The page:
French aircraft carrier to be dismantled in UK

It was the pride of the French navy during its working life but has become a diplomatic embarrassment as efforts to scrap it have repeatedly run aground.

Now the Clemenceau is to finally be dismantled on Teeside.

The aircraft carrier has been causing the French government headaches since it was decommissioned in 1997.

The problems stem from the fact that the 27,000 tonne super-ship contained large quantities of asbestos and other hazardous materials.

In 2006 it was refused passage through the Suez Canal by Egyptian authorities as it sailed for India's Alang breaking yards.

On its eventual arrival in Indian waters it was turned back by the country's courts.

The ship was due to be dismantled in Brest, France but plans have now changed and it will be recycled by Able UK on Teeside alongside four American warships that were themselves a controversial subject prior to their arrival.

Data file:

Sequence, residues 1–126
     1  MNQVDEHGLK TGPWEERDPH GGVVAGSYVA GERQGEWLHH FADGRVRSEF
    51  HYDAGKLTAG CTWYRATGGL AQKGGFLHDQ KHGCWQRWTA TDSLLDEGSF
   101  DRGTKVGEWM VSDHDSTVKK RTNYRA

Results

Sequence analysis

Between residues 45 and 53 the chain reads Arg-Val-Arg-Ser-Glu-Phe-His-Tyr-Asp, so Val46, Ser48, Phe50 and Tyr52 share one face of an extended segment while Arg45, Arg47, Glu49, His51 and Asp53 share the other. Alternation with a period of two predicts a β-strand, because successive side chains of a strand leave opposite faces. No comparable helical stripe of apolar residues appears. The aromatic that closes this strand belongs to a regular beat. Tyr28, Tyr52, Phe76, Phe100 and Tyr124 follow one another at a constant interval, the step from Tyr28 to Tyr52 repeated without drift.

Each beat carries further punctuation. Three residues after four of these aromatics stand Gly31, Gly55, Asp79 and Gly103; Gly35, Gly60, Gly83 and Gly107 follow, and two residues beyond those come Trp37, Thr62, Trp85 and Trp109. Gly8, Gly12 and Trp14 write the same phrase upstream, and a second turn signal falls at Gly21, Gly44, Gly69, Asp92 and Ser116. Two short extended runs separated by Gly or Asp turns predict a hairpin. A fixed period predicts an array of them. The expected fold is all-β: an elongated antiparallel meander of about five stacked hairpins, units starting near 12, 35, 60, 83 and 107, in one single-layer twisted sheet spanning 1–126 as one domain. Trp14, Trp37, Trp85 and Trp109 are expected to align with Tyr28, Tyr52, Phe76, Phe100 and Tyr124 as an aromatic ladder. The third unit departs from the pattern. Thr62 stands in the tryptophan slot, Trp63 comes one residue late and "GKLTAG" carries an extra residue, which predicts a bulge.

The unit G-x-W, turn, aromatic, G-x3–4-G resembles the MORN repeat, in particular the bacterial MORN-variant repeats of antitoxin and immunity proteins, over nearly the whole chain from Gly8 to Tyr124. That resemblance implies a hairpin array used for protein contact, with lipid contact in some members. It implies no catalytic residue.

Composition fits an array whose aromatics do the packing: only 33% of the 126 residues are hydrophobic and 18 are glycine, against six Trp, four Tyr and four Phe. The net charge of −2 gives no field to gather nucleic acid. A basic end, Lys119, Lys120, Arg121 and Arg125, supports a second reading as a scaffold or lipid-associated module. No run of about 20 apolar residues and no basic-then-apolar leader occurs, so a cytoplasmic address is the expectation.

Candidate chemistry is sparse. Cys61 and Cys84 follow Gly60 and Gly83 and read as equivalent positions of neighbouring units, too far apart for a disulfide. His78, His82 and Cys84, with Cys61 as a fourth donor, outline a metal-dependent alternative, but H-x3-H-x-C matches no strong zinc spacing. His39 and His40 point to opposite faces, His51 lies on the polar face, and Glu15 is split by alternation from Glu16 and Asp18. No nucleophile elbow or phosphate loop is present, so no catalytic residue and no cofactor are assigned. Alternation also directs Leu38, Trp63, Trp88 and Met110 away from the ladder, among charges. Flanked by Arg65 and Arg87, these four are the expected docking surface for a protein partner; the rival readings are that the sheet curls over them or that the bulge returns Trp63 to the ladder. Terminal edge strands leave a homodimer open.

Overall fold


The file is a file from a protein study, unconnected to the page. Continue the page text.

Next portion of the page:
Able UK has had to go through a rigorous process to allay environmental concerns before being given the necessary permissions to dismantle the Clemenceau.

The company's chief executive, Peter Stephenson, said it underlined the fact that the company continues to be a world leader in undertaking marine recycling to the highest standards.

"Although preparations for the transfer have been in place for some time, we have had to wait for the right window in the weather to undertake the tow from Brest," he said.

"This is a very important day for both ourselves, our French partners and the ship recycling industry because it underlines the growing recognition of the need for high-quality facilities to meet the increasing demand for responsible ship recycling."

Sam Bond



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